Saturday, 13 November, 2004 Tottenham 4 Arsenal 5
On the face of it, this is hardly Arsenal’s most dominant, significant nor blood stirring victory over Spurs since I started taking an interest in 1988.
In a way, that is what for me makes it so special. A narrow victory away at your local rivals in a nine-goal thriller should be a heart beating, nerve shredding emotional roller coaster. In this case it was pure entertainment, where victory never seemed in doubt despite falling a goal behind and defending like amateurs.
Coming into the game, Arsenal had only gained two points out of the last three games, the first of which was the heart-breaking trip to Old Trafford to end the unbeaten run at 49 games, in which Mike Riley gave the most disgustingly biased refereeing performance I’ve ever seen. That’s Mike Riley, current head of English referees…
Prior to that defeat, Arsenal had won eight and drawn once, starting the season in imperious form and had still only lost once in 52 league games, although they had stuttered a little in Europe, and would finish runners up and with another FA Cup for the trophy cabinet.
Spurs had finished the previous season 14th and, despite a decent start to the season had lost five out their last six coming into this fixture. No one gave them a chance, beyond the punchers’ one that always exists in local derbies. But Arsenal hadn’t won at White Hart Lane since spring 1999, and were clearly reeling from the end of their armour of invincibility, so the collective chin was a little glassier than normal.
Added to the sub-plot was the fact that a certain Sulzeer Jeremiah Campbell was missing with injury, saving him from another barrage of abuse and effigies, with further absentees resulting in Pascal Cygan being thrust into the uncomfortable limelight, and the game poised to be a test for 17-year old Cesc Fabregas, deputising for Gilberto Silva.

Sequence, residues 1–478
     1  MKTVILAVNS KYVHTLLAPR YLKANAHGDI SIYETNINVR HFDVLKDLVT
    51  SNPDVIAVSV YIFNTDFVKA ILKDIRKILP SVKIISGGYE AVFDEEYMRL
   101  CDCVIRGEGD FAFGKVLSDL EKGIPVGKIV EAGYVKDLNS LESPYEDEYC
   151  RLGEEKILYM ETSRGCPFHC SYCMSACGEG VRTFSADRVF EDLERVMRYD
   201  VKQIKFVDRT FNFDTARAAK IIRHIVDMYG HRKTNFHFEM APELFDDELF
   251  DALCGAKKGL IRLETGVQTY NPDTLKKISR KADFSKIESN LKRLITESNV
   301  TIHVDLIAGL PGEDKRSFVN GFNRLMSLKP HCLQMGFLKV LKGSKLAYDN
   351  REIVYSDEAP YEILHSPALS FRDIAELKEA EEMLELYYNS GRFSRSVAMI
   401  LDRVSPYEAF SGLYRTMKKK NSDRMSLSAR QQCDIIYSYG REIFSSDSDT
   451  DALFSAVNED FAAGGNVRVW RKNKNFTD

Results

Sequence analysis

As ever, White Hart Lane was lively, and Defoe and Keane’s early running into the channels exposed Cygan’s lack of mobility, and Fabregas was being targeted for physical stuff in the centre of midfield, with Michael Brown providing his usual mix of late tackles and off the ball body checks. Honours were largely even in the first quarter, though Spurs had the better openings. Then, largely out of nowhere, from a free-kick Moroccan centre-half Noureddine Naybet found himself unmarked at the back post when the ball fell to him in the 37th minute and Spurs were ahead, with his first goal for the club being a particularly popular one with their fans. A minute later, Defoe had a header was excellently tipped over by Lehmann, and Spurs appeared to be in the ascendancy.
Then Arsenal woke up.
As the team started playing with a bit more purpose, right on the stroke of half-time Lauren floated a diagonal ball between Ledley King and Paul Robinson, and Thierry Henry stole in, wrong footed King and stabbed it past Robinson. His eleventh of the season. One-all and normal service resumed.
Once the second half was underway, Arsenal addressed the game with renewed determination and vigour, and Spurs couldn’t get out. Fresh from fouling Reyes out wide, Noe Pamarot was beaten on the outside by Ljunberg and rugby tackled him in the box as he fell. Lauren, with the cold dead eyes of a killer stuck the penalty in the bottom left corner as Robinson went the other way, and ran towards the Arsenal fans with an iconic mania, before a disgruntled Spurs steward intervened. On the replay, you can see Robinson punt the ball straight into Fabregas’s head as the Spaniard goes off to join the celebrations.
Four minutes later, Vieira won the ball centrally with a strong clean tackle, broke through two other challenges and firmly planted the ball past Robinson in his trademark way.
Spurs 1 Arsenal 3. Game over.